During the 1860s gold rush, Baker City was the hub of the action. Many smaller towns dried up after the gold rush, but Baker City transformed itself into the seat of the regional logging and ranching industries that are still around today. Remnants of its turn-of-the-century opulence, when it was the largest city between Salt Lake and Portland, are still visible in the many restored Victorian houses and downtown storefronts, many of which now hold distinctive boutiques, design shops, and cafés.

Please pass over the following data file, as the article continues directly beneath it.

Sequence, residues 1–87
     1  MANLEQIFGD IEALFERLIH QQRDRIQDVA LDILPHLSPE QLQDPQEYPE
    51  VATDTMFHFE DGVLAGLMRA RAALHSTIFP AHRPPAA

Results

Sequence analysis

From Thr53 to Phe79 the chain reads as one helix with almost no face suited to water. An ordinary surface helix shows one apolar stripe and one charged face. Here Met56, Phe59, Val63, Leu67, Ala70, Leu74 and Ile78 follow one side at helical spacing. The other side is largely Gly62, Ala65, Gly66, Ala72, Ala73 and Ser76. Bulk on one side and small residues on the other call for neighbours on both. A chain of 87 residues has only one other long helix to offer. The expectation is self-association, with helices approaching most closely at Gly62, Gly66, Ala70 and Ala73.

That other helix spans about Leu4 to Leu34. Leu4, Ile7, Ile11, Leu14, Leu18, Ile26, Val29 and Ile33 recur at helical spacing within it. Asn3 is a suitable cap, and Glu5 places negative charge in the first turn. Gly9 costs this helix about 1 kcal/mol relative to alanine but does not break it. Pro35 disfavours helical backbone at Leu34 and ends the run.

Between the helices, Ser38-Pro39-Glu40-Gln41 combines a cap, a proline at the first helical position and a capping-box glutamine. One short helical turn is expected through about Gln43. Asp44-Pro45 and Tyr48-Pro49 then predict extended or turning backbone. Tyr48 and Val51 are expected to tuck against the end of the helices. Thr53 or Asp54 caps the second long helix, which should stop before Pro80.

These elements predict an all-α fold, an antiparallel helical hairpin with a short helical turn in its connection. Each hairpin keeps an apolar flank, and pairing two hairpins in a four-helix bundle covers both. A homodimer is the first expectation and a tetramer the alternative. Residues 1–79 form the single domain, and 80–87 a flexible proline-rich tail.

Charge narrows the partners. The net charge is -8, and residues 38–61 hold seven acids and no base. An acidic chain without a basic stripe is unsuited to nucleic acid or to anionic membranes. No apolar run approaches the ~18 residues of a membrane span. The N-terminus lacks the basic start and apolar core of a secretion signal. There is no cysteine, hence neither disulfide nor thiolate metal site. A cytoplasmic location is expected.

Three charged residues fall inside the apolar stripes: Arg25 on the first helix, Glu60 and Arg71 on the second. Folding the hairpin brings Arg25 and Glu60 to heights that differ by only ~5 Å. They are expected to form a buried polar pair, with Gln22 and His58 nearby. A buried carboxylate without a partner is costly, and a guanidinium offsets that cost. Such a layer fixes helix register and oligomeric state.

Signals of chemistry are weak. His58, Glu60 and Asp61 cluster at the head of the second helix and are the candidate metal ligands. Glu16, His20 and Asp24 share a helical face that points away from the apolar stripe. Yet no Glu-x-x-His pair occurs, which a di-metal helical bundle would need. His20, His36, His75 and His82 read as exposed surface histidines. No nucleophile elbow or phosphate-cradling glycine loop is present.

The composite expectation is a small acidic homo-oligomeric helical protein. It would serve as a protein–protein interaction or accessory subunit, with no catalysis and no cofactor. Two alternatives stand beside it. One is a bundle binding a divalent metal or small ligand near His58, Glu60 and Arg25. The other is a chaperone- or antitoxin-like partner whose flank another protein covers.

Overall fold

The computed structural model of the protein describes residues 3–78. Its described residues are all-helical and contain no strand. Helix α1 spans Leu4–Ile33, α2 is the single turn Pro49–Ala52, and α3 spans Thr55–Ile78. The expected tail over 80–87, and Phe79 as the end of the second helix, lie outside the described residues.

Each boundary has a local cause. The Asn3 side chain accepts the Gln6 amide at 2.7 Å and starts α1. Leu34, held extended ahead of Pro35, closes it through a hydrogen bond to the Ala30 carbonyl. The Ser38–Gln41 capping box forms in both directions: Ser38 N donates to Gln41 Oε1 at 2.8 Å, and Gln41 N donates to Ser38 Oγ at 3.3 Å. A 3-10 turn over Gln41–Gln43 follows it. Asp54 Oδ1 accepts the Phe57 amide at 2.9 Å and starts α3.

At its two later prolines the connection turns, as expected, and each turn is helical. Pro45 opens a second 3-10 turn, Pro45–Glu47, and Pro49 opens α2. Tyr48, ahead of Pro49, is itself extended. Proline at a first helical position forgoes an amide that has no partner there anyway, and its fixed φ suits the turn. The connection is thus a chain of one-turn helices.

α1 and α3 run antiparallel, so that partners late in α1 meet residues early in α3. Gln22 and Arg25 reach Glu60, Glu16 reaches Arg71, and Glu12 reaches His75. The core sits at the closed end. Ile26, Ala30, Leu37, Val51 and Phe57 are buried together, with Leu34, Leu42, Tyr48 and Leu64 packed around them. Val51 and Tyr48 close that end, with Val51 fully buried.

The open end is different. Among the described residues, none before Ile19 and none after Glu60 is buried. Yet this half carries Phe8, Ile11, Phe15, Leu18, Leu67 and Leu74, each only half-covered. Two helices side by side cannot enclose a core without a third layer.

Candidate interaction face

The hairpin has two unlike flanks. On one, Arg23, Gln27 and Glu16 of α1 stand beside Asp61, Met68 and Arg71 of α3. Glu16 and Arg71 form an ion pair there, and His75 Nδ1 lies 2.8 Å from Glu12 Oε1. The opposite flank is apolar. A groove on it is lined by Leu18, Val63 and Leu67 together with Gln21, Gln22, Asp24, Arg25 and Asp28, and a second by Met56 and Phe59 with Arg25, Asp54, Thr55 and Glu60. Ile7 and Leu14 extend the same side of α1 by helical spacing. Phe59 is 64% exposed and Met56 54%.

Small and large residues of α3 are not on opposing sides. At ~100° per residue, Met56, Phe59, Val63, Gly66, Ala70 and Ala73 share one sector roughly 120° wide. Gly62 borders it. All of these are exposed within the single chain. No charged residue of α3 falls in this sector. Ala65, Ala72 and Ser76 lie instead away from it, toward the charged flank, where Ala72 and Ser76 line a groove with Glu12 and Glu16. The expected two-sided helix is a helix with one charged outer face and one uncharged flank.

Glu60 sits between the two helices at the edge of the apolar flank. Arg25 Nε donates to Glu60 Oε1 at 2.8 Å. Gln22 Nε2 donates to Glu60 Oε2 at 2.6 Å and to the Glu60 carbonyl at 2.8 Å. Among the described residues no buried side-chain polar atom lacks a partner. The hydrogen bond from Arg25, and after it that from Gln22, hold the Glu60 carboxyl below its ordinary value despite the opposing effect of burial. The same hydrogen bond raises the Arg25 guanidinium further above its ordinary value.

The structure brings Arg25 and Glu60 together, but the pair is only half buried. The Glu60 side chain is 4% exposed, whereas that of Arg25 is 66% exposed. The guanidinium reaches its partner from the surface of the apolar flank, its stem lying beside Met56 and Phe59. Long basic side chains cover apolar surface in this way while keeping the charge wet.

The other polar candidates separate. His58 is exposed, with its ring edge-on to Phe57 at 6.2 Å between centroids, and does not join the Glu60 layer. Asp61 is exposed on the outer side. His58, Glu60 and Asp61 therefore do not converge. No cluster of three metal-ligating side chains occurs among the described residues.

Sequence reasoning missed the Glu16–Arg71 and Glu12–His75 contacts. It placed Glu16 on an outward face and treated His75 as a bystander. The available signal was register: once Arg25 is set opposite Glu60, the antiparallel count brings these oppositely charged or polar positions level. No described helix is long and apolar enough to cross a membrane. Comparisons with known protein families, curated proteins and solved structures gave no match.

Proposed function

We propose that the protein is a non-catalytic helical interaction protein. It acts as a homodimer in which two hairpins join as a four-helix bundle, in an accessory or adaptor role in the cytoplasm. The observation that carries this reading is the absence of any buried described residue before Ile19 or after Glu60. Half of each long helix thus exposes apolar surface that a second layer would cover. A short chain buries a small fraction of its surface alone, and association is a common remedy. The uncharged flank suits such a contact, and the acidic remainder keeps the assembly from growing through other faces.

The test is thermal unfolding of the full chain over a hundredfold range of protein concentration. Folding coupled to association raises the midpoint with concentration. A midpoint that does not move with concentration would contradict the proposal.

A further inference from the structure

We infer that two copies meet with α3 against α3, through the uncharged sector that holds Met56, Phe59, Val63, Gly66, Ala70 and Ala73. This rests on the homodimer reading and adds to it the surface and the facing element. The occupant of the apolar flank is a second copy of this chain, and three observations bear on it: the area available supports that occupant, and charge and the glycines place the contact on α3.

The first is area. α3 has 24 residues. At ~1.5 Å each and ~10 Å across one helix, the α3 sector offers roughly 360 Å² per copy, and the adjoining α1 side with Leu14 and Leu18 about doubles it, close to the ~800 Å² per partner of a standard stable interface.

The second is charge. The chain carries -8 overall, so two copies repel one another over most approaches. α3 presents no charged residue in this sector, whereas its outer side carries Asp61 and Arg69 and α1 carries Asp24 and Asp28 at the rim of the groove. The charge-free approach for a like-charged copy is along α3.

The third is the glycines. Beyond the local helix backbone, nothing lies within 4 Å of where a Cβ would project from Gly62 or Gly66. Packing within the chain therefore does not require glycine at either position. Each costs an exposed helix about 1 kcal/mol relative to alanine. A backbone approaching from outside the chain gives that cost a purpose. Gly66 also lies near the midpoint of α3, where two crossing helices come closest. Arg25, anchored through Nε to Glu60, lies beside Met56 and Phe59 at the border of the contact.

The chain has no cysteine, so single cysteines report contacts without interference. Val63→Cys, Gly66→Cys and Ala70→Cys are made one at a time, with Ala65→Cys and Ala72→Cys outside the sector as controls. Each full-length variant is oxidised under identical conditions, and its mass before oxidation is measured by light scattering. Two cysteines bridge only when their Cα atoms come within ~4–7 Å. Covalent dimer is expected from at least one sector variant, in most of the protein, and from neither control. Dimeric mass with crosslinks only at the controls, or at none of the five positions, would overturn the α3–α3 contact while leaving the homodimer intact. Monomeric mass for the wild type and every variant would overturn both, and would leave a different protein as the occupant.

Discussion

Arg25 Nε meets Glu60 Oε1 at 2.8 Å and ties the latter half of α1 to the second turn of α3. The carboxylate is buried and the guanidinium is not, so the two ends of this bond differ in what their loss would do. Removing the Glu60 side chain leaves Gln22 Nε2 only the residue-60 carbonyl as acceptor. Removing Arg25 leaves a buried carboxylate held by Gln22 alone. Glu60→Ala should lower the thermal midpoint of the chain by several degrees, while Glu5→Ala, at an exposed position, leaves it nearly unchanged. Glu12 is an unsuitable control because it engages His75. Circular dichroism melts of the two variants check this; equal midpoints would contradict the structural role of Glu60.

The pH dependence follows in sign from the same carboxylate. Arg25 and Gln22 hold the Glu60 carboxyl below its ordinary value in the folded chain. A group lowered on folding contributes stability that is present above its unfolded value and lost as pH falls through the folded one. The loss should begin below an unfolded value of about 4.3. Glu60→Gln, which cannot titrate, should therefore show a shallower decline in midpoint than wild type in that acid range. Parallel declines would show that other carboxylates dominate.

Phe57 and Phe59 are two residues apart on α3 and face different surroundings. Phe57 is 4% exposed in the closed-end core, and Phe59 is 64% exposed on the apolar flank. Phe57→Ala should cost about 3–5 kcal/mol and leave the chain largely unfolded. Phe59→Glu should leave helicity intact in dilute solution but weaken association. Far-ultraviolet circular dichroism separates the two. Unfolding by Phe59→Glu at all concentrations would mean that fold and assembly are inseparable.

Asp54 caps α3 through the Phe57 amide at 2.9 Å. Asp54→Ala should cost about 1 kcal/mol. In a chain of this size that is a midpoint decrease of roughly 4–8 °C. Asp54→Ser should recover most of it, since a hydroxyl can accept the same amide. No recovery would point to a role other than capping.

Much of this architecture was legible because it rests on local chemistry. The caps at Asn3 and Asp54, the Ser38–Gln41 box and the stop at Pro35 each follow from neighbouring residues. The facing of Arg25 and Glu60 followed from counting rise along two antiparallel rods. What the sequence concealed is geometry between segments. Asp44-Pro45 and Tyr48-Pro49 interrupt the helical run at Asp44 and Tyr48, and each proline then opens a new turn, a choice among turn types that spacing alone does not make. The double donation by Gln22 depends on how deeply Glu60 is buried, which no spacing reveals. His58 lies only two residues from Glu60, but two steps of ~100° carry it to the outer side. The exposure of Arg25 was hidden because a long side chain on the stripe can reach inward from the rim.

Baker City may not have that much gold left in its surrounding hills—but what hills they are. The Wallowas and Eagle Cap, the Elkhorn Ridge of the Blue Mountains, the Umatilla National Forest, the Wallowa-Whitman, Hells Canyon, Monument Rock—the panorama almost completes a full circle. Outdoor enthusiasts flock here for the climbing, fishing, hunting, waterskiing, canoeing, hiking, cycling, and skiing. It seems Baker City's gold rush has been supplanted by the "green rush."